Hamilton Mountain - Hiking

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This 9.5-mile loop features quite a bit of climbing (2,000 feet), but the views of surrounding peaks and of the Columbia River Gorge make it well worth the effort.

Written by

Abby Joffe


9.5 miles

Destination Distance From Downtown

1.2 miles


4 of 5 diamonds

Time To Complete

4 hours

3-6 hours


All Seasons

All Seasons with proper gear.

Dog Friendly


Fees Permits


$10 daily Washington Discovery Pass required



The Hamilton Mountain Trailhead is located on the Washington side of the Columbia River Gorge, literally across the street from the ever-popular Beacon Rock. This beautiful 9.5 mile loop, with 2000 feet in elevation gain, explores a good sampling of what makes Pacific northwest gorge hiking so epic: great vistas, powerful waterfalls, lush wildflowers, and to top it all off, a great workout. One of the Gorge's many hikeable peaks, Hamilton's basalt cliffs are a great place for geology buffs to get a close up look at how the Missoula Floods helped carve out this area roughly 15,000 years ago. You’ll also travel through two distinctly different forests; the first comprised mainly of large Douglas firs and the second of alders. The trail also visits a pair of waterfalls before leading into the rather stunning meadows, complete with cliff-edge views of Table Mountain, Mt. Hood, Mt. Adams, and the Bonneville Dam. 

What Makes It Great

The hike begins with a moderate climb until you get to Hardy Falls, Pool of the Winds, and Rodney Falls, all easily accessed via side trails, all within a few hundred feet of each other. After viewing those, you will cross a footbridge and continue on the main trail past the Hardy Creek Trail, a junction you approach after about .2 miles. You will soon hit steep switchbacks leading to cliff-edged ridges that reward you with amazing views of the gorge. You will cross the main ridgeline of Hamilton Mountain and continue climbing until you reach a junction. The trail to the right will dead end into the summit, where the view is impeded by shrubbery. For the best view, take the trail to the left, going downhill slightly and that is where you will see the incredible views of the surrounding Cascade Mountains and the Columbia River Gorge. From here, it is suggested that you go down the way you came, as the loop back can be a little bit confusing.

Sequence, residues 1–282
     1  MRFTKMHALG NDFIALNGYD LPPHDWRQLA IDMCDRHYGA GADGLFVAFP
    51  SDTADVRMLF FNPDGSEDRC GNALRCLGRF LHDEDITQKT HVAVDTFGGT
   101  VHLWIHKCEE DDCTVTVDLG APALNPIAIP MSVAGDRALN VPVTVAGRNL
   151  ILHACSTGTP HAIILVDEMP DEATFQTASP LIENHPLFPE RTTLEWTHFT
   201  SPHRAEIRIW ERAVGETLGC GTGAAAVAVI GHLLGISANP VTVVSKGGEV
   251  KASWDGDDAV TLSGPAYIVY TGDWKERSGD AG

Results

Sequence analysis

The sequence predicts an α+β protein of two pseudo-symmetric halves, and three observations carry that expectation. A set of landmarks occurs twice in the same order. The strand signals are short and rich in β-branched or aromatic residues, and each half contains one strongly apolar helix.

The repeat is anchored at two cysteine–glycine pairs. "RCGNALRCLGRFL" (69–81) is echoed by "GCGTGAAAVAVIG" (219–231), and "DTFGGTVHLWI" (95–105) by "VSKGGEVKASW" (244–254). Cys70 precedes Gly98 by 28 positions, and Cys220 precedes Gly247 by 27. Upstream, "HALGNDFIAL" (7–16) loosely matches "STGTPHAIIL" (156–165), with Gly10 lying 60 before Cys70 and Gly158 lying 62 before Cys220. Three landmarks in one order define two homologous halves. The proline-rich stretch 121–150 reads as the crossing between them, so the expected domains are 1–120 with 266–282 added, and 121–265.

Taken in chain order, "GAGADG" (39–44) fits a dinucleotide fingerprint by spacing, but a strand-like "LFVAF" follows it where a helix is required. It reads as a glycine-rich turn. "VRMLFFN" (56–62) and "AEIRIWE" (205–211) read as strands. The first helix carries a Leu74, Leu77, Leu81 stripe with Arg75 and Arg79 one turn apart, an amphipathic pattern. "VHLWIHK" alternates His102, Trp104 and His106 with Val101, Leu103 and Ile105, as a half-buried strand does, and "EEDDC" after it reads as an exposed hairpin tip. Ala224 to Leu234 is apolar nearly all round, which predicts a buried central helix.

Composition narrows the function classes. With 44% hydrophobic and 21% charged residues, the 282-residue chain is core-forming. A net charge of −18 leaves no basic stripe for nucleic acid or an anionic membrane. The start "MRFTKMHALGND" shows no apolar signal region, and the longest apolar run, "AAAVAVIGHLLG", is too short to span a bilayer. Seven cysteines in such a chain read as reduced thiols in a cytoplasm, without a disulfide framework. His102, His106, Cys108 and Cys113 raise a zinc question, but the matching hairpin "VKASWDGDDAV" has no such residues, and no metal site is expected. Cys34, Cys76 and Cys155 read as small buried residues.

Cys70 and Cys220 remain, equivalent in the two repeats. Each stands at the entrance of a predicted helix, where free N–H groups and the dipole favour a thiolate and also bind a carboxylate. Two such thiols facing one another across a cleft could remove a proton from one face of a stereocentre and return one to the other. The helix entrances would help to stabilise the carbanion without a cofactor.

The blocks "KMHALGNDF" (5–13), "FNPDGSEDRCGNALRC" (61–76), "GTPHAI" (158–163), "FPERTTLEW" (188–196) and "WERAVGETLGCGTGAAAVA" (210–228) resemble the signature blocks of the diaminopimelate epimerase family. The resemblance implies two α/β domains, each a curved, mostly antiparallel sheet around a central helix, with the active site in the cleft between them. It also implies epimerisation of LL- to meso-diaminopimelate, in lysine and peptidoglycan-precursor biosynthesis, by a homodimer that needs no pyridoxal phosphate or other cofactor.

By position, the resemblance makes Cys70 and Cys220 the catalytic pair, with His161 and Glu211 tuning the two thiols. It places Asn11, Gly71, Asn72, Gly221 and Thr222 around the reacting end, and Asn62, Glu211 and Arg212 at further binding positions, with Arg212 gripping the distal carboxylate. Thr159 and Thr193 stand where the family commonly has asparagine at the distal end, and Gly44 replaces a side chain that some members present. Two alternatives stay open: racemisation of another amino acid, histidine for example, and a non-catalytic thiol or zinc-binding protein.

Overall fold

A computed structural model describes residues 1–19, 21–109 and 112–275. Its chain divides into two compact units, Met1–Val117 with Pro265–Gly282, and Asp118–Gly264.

There is much to see along the trail when you hike Hamilton Mountain. The first waterfall you will come to is called Hardy Falls, which you can see via a marked side trail on the right. The second is just a few hundred yards away on a side trail to the left, which is called the Pool of the Winds, which is a rock-formed pool created by pouring water from Rodney Falls. The water cascades through a slide that has formed through the force of the water and is quite a magnificent sight. If you do this hike on a clear day, you will see Mount Hood, Adams, Saint Helens, and Table Mountain from the plateau described above. 

For food and drink consider visiting the Hearth in Washougal. This wood-oven bistro produces a wide array of plates well beyond pizza. And as an added bonus, there is a full service bar. 

Who is Going to Love It

Because of its steep nature, this is a challenging hike, but not impossible for even less experienced hikers. The challenge is far-outweighed by the amazing views along the way and at the end of both the gorge and the surrounding cascades. For experienced hikers, this is good training for bigger mountains and is still challenging with an incredibly rewarding view at the top.

Directions, Parking, & Regulations

To get to the trailhead from Portland, take I-84 east and exit at Cascade Locks. Take the Bridge of the Gods into Washington, which requires a $1 toll and take a left on WA 14. After 7 miles, you will see the parking area for Beacon Rock on your left at milepost 35 and you should take a right up the hill and the trailhead parking lot will be on your right. 

A Discovery Pass is required, which is a $10 day use fee or $30 annual fee. You can purchase the pass with a credit card at Beacon Rock.

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